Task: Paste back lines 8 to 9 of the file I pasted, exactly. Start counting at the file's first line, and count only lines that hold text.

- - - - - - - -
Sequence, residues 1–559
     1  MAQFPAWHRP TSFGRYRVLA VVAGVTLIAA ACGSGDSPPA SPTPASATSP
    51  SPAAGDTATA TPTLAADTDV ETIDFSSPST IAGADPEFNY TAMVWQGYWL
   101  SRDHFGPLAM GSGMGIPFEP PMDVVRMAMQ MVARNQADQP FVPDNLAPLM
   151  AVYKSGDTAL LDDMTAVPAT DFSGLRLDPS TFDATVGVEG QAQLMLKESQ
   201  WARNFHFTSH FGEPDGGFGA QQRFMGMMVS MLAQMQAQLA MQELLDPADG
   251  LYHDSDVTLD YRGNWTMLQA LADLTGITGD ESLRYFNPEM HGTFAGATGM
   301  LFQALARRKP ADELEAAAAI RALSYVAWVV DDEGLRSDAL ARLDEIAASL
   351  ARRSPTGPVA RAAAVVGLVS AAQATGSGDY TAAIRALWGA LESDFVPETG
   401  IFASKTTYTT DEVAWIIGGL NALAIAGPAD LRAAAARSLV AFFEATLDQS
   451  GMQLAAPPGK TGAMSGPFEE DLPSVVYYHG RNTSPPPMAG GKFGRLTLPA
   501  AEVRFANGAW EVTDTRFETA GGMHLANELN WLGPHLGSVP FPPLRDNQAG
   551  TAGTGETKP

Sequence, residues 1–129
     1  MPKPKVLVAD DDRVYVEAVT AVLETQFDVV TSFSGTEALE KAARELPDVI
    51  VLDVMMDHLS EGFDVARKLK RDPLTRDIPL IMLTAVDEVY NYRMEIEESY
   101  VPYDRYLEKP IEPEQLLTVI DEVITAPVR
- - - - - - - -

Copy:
   301  LFQALARRKP ADELEAAAAI RALSYVAWVV DDEGLRSDAL ARLDEIAASL
   351  ARRSPTGPVA RAAAVVGLVS AAQATGSGDY TAAIRALWGA LESDFVPETG